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Ernest Miller Ernest Miller pursues research and writing on cyberlaw, intellectual property, and First Amendment issues. Mr. Miller attended the U.S. Naval Academy before attending Yale Law School, where he was president and co-founder of the Law and Technology Society, and founded the technology law and policy news site LawMeme. He is a fellow of the Information Society Project at Yale Law School. Ernest Miller's blog postings can also be found @
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July 15, 2004

On Reporting Press Releases, Statements, Etc.

Posted by Ernest Miller

This week while blogging, I was frustrated a bit by my inability to get ahold of some primary documents easily. In Outfoxed Rope-a-Dope Begins? news reports referred to a statement that Fox News had distributed at a press conference for the new documentary OutFOXed. One report paraphrased parts of the statement and another had some quotes.

In The Excessively Annotated RIAA Letter on the INDUCE Act (IICA), I had some difficulty getting a copy of a letter that the RIAA had sent to all 100 senators. I called the RIAA, of course, and they promised that they would either get me a copy or call me to tell me I couldn't have one. Of course, they did neither. Unlike the coalition opposing the Inducing Infringment of Copyrights Act (IICA, née INDUCE Act), which made their letter to the Senators public (Letter to Senator Hatch, Re: S. 2560, the "Inducing Infringement of Copyrights Act of 2004"), the RIAA doesn't want the public to know the arguments they are making to our representatives (Letter to Senators from Mitch Bainwol, Re: INDUCE Act).

Nevertheless, the letter was reported by some members of the press. Unfortunately, the reports were, of necessity, paraphrases and quotes from the 5-page missive. But that is what frustrates me. I couldn't read the whole letter myself. Ultimately, after sending out numerous feelers, I was able to get ahold of a copy. But why was it so difficult? Why don't news organizations post these primary documents on their website?

In the print realm, of course you usually don't have room to put every document into the publication. In any case, it is a reporters job to take information, put it in context, highlight it, get reactions, do reporting. That's usually all most people really want. They have neither the desire nor the time to read the primary documents. But not always. For most stories there is a small core of readers who want more information, who want to read the primary documents and get more from the story.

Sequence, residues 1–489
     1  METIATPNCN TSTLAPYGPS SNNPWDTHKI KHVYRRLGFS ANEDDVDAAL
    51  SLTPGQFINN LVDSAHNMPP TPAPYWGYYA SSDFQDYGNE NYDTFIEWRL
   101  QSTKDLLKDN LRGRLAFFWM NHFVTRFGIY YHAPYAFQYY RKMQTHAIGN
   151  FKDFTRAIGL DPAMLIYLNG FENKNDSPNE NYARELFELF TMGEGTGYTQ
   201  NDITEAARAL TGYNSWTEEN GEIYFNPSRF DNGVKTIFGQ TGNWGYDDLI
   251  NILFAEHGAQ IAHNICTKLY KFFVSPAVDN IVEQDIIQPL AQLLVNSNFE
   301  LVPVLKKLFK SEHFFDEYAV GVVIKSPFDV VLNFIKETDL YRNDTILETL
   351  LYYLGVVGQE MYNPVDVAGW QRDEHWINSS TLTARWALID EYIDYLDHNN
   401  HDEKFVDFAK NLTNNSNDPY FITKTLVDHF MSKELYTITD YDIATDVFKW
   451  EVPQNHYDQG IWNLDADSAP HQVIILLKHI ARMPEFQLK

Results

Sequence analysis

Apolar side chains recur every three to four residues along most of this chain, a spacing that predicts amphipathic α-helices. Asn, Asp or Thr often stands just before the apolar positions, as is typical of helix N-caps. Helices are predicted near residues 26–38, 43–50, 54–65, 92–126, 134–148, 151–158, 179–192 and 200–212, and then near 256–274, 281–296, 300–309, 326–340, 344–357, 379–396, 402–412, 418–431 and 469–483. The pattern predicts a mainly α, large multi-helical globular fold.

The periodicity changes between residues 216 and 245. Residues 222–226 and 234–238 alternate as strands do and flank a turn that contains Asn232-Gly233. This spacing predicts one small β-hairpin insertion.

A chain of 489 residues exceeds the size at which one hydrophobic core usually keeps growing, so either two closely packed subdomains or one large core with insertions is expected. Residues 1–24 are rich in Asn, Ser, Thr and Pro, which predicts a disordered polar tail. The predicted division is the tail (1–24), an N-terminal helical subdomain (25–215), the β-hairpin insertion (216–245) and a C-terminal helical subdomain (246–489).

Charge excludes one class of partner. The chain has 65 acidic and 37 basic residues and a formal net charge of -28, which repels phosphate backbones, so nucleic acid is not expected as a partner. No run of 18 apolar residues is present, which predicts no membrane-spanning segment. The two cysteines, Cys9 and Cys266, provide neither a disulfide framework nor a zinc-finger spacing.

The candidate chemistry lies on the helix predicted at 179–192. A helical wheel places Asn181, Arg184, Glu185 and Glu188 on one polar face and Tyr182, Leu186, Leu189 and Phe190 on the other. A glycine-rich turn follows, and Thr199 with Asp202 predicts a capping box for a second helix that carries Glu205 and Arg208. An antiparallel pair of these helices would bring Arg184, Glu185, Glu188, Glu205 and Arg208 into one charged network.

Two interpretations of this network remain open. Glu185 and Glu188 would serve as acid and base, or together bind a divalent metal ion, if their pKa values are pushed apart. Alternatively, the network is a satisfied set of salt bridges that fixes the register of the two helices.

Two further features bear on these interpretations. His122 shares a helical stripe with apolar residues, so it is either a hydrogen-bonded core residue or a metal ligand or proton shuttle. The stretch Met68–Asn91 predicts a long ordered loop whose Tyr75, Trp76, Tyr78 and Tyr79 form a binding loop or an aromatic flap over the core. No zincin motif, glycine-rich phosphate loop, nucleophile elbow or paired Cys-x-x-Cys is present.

So why don't news organizations post these documents on their websites, where file size is not really an issue? Why can't you have a story about the RIAA's letter and a link to the letter if you care to read it yourself? Why shouldn't we be able to read Fox News' statement for ourselves? Why should publications passively (tacitly?) acquiesce in the RIAA's desire to obscure its communications with our representatives?

Dan Gillmor is very smart when it comes to these things. As Denise Howell, who is blogging the Always On Conference, paraphrases Gillmor (AlwaysOn: Joe Trippi And Dan Gillmor):

Dan says one thing you learn if you cover technology in Silicon Valley is that other people know way more than you do, and it's to your and your readers' benefit to capture and disseminate that knowledge. Journalism is really moving from this lecture mode of the last few decades to something closer to a conversation; a seminar or something like it.
Indeed. And part of this has to be opening up the documents that a reporter builds a story from. Disseminate the documents, don't hide them.

Ok. Rant over.

Comments (4) + TrackBacks (0) | Category: Blogging and Journalism


COMMENTS

1. Seth Finkelstein on July 15, 2004 02:56 PM writes...

"... there is a small core of readers who want more information ..."

The key words there are "small core". Unless they care about that core, why bother?

It's more work to scan and maintain the files, for what they might perceive as marginal benefit.

In fact, it could be downright harmful if it shows what a shoddy job the reporter did!

Permalink to Comment

2. Richard on July 15, 2004 04:28 PM writes...

Also, consider that at least some portion of that small core (and I would guess a significant fraction) are going to want the documents for exactly what you wanted them for: to be able to write your own competing blog entry about it.

Being able to more easily obtain source material is one of the benefits of being an established news agency. I doubt that they're going to give it up without a fight, and certainly not of their own accord.

Permalink to Comment

3. Ernest Miller on July 15, 2004 04:33 PM writes...

Ah, but it could help make them more authoritative. I'm not saying they should post the material before they post the story, but post the material with the story. I don't think the mainstream press needs to worry about bloggers. They should work together.

See, Searching for the NY Times (http://www.wired.com/news/culture/0,1284,64110,00.html)

Permalink to Comment

4. Seth Finkelstein on July 15, 2004 08:31 PM writes...

Ah, but again, it could also make them *less* authoritative, as it makes it easier for people to find errors in their reporting! 1/2 :-)

But I think it's more that the reward for the work is not viewed as worthwhile.

Note the New York Times does not need Google-juice to make it more authoritative ...

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